Homelessness a Mounting Problem in Borough

Homelessness a Mounting Problem in Borough

PHOTO:  The homeless population in Queens, and the city, has increased dramatically in recent years.  Forum Photo by Alan Krawitz


With the homeless population continuing to climb in the borough and citywide, the de Blasio administration has enacted a number of initiatives in an attempt to tackle the complex issue.

A centerpiece of the plan is “Opening Doors,” a collaboration with the Catholic Church in which Timothy Cardinal Dolan has pledged to provide up to 150 beds with social services for street homeless individuals by the winter.

The city has also moved to address and clean encampments and other areas where many homeless congregate to provide services and outreach, and help move people to safe locations.

Other efforts include increasing affordable housing and committing more resources to mental health services.

“The de Blasio administration has invested over $84 million over the next four years in street homeless programming to expand outreach workers and clinicians on streets as well as adding beds in shelters for this population,” the mayor’s office has said.

Overall, the city says it has increased the budget for homeless issues to $6 billion, up from the $5 billion that was scheduled over the next four years, including funding for homelessness prevention, getting people off streets to shelter, and helping those in shelters into permanent housing.

According to the Institute for Children, Poverty and Homelessness, in 2014, there were about 1,202 families in Queens who entered city shelters.

Statistics from the Department of Homeless Services reported as recently as September that about 60,000 homeless city adults and children were sleeping in shelters.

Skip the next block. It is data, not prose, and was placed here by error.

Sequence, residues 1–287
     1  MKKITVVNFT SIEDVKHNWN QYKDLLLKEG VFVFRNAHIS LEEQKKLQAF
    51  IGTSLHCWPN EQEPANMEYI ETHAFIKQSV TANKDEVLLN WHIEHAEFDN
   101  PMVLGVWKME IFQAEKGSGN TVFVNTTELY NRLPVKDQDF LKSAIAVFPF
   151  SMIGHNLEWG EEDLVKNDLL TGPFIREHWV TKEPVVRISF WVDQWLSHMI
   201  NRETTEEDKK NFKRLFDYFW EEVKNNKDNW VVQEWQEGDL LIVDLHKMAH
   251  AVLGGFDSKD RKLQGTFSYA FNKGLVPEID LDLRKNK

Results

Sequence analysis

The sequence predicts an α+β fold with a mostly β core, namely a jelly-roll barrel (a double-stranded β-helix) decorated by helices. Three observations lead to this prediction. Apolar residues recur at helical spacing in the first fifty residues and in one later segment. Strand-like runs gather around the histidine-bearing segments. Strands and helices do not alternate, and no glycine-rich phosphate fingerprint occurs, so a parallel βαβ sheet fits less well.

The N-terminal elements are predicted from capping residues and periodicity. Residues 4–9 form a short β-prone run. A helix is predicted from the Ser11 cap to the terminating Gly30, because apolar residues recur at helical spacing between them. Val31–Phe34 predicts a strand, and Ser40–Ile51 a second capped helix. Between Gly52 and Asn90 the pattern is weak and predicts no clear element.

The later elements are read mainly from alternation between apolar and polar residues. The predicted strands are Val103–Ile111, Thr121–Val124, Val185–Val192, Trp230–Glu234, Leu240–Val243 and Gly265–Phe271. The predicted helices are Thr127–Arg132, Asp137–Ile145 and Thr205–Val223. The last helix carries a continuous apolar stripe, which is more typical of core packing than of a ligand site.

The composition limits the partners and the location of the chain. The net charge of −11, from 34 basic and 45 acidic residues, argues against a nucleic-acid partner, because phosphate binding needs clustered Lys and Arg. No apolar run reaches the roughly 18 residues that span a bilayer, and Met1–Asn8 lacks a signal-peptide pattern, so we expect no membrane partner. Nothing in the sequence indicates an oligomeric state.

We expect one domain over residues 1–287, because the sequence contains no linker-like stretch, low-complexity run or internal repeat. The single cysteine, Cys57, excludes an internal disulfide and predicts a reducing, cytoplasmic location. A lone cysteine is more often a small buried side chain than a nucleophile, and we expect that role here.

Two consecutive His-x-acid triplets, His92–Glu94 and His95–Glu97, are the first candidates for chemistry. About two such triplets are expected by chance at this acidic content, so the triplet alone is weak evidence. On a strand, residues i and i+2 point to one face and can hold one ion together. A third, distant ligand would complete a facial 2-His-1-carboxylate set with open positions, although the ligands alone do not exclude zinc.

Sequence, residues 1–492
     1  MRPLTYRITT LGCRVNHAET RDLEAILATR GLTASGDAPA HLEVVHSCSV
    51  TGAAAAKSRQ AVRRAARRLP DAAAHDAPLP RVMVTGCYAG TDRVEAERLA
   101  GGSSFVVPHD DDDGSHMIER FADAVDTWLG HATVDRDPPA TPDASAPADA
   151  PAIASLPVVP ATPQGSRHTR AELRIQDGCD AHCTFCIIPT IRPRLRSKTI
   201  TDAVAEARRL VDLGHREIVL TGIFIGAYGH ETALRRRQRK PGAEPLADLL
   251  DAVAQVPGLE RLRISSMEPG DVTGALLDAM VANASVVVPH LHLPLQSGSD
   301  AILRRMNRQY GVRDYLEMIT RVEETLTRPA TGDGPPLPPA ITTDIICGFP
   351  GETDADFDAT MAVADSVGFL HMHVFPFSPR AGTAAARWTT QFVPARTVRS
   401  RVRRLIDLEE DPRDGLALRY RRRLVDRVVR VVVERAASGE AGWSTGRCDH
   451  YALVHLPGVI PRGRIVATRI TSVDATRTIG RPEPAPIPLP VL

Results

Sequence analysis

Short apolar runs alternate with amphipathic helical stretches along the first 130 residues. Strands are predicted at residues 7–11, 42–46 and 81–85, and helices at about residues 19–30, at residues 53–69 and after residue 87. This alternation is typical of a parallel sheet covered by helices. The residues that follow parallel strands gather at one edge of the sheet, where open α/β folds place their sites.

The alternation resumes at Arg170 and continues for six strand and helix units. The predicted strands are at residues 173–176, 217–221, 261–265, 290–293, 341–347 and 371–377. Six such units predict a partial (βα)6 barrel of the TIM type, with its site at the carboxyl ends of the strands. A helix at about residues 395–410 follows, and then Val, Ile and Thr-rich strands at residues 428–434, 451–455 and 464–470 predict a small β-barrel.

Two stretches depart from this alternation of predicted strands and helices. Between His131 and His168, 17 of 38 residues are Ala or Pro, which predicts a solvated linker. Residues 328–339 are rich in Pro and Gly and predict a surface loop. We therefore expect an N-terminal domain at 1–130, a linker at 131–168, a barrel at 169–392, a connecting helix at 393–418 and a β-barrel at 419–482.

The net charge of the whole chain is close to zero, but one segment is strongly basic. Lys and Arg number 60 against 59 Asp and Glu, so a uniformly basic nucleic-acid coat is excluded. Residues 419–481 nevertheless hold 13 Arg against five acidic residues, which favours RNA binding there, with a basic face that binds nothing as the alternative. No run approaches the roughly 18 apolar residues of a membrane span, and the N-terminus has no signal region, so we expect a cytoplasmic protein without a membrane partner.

ICPH also said that there are many causes of homelessness, including the cost and availability of housing, as well as the lack of both employment and education.

Moreover, a just-released report by city Comptroller Scott Stringer indicated that housing has been vastly overcrowded citywide, and that such conditions could be a determining factor in the number of families and residents who end up homeless and in the shelter system.

The report showed that Queens had about 73,136 overcrowded units as of 2013, compared with just over 64,000 in 2005.

Alexander Blenkinsopp, a Woodhaven resident and member of Community Board 9, lauded de Blasio’s initiatives while also noting that homelessness has become more noticeable to both residents and visitors alike.

Blenkinsopp related a story about friends visiting from London; he said he asked them what about New York surprised them.

“Their response,” Blenkinsopp recalled, “was how dirty the city was, and the number of homeless people they saw.”

He also said that recent statistics seem to confirm what many residents have sensed: that homelessness is a real and growing problem, both in Queens and across the city.

“The mayor is right to want to increase the number of beds for the homeless and the availability of affordable housing…but city initiatives must be pursued carefully and in close coordination with local residents,” Blenkinsopp posited. “The recent controversy over the proposed homeless shelter in Glendale shows what can happen when the city fails to do that.”

Homes for the Homeless, a nonprofit organization that operates the Saratoga Family Inn, a community residential resource center which provides temporary shelter to more than 250 homeless families with children in Springfield Gardens, tries to drive down borough homeless numbers through special programming.

Linda Bazerjian, director of External Affairs for HFH, said the Saratoga runs a program to help residents gain valuable on-the-job experience, as well as workshops on team building, scheduling, communicating in the workplace, and job-seeking tactics.

Asked about the city’s recent efforts to combat homelessness, Bazerjian said she is optimistic.

“We are encouraged by the de Blasio administration’s focus on homeless families and see many efforts at cross-collaboration among city agencies that we had not seen in the past,” she said.


By Alan Krawitz


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